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Portuguese-Style Mint Rice

I don’t know about your garden, but in summertime the mint in my own vegetable patch always threatens to take over. I love that sweet herb, but how many juleps can one gal make? Luckily I was in Portugal recently and I found that mint, or hortelã, as the Portuguese call it, was a common ingredient throughout the meal there. I ate it in soups, from a refreshing, chilled green melon soup to a lemony chicken sopa; it was paired with fava beans for fish; and, along with olive oil, it dressed a “carpaccio” of thin-sliced oranges for dessert.

But the very best minty dish I tried was the arroz de hortelã — mint rice — at Luar de Janeiro, a low-key, traditional restaurant in the Medieval town of Évora.

Olivia Prates, who has been chef-owner there for 45 years, claims to have invented the signature dish. I must say, in that case she’s a genius because she created a dish that is so delicious and yet laughably simple to make. It requires just a few ingredients, and it comes together lickety-split. That’s because, instead of long-simmering the rice, Prates goes for a quick, hard boil. After steaming the mint in the hot pot of rice, she serves the dish before the rice has fully absorbed all the liquid, for a wildly aromatic, pleasingly soupy side dish to grilled fish, lamb, or pork.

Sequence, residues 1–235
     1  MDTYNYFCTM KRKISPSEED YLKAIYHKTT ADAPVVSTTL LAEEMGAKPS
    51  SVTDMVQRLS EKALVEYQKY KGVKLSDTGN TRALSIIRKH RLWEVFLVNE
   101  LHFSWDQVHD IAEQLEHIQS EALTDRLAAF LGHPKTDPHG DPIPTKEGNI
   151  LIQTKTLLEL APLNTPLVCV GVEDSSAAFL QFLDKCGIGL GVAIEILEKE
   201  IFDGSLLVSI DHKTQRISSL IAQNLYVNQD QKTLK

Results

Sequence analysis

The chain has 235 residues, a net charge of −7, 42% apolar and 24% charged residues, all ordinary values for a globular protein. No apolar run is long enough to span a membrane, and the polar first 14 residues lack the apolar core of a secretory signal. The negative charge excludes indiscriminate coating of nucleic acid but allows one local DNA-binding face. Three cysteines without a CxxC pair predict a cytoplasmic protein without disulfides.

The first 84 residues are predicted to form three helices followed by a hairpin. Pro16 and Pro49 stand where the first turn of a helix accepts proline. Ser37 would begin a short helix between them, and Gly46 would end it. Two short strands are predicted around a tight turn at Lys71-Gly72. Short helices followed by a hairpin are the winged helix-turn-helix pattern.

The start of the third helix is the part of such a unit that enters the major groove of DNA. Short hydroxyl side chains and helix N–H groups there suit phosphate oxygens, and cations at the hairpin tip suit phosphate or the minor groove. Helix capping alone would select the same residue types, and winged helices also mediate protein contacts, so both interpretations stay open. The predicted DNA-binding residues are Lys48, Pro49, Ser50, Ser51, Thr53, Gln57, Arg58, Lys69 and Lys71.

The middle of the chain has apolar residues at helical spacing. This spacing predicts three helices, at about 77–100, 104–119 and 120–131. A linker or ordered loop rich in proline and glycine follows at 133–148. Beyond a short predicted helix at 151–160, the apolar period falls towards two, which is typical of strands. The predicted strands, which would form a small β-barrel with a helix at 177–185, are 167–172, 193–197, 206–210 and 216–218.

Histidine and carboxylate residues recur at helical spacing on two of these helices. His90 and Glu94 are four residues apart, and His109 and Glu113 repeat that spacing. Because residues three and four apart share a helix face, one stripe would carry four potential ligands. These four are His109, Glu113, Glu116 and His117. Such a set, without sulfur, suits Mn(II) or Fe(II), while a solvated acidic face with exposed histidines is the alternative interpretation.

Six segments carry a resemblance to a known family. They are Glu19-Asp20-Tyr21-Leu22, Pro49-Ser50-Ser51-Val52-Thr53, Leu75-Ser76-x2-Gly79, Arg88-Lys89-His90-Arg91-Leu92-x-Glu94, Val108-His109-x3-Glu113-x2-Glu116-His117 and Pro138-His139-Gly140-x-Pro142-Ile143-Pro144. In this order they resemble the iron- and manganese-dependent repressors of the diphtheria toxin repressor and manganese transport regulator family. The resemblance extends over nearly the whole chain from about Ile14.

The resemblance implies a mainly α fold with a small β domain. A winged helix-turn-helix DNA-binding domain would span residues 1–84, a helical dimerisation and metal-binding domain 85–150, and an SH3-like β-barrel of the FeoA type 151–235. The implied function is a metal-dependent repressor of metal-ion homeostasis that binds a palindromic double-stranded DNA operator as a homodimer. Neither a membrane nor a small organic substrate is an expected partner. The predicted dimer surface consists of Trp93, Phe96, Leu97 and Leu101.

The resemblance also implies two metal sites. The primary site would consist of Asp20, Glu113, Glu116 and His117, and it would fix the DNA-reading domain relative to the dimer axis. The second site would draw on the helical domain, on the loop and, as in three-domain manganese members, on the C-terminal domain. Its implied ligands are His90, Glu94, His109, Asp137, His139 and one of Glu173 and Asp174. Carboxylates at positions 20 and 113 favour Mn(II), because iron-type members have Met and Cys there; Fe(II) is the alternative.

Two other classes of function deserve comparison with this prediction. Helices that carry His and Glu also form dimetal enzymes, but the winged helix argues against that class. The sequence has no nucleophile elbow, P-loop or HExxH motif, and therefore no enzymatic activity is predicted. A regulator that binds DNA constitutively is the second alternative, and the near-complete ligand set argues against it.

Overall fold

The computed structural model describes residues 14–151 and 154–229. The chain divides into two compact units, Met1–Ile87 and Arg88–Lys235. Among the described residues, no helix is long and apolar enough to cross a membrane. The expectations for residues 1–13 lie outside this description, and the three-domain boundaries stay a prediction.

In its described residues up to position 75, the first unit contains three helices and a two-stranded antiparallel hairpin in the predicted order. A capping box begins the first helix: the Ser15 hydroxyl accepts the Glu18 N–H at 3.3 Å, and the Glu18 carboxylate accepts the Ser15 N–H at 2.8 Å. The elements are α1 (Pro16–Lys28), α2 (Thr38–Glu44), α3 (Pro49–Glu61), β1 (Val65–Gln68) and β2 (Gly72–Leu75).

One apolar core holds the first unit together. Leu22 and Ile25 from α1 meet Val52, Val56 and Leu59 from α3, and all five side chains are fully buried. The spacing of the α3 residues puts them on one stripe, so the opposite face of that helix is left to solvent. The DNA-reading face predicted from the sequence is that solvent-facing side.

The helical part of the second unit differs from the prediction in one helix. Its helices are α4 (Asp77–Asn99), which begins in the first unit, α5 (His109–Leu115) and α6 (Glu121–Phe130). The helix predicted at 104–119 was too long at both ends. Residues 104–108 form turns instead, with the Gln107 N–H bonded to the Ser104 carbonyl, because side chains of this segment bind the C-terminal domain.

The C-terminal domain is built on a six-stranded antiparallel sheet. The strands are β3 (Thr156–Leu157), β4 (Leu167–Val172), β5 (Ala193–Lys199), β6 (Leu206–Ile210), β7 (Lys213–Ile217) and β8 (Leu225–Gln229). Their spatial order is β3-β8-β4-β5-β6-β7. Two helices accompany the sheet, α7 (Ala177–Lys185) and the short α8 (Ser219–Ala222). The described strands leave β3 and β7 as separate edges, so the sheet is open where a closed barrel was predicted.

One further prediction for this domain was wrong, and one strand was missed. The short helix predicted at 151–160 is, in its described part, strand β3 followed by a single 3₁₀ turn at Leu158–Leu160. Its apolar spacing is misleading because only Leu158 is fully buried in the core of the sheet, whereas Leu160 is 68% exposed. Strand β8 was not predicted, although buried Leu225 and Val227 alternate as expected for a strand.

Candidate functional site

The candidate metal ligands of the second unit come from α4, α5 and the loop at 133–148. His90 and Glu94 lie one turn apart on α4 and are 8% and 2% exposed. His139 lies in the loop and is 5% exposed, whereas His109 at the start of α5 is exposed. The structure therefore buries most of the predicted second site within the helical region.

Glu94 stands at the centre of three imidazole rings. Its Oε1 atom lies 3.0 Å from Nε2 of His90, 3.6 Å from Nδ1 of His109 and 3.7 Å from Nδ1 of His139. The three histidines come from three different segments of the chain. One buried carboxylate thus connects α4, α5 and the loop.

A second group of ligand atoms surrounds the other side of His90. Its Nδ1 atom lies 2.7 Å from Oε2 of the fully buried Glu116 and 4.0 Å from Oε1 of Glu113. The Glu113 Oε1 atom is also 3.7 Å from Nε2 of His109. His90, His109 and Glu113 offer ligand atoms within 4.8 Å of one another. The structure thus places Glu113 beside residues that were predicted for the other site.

Look out, monster mint patch! I have a new recipe in my pocket, and I’m coming for you with my garden shears.

Rice in 10 Minutes?
This recipe cooks in about half the time of steamed rice, so it’s important to maintain a full boil the whole time so the rice absorbs enough liquid. Expect a texture closer to risotto. Make this with chicken broth for a more flavorful dish or keep it vegetarian with water. You’ll end up with a more neutral flavor, making it an ideal companion for richly flavored foods.


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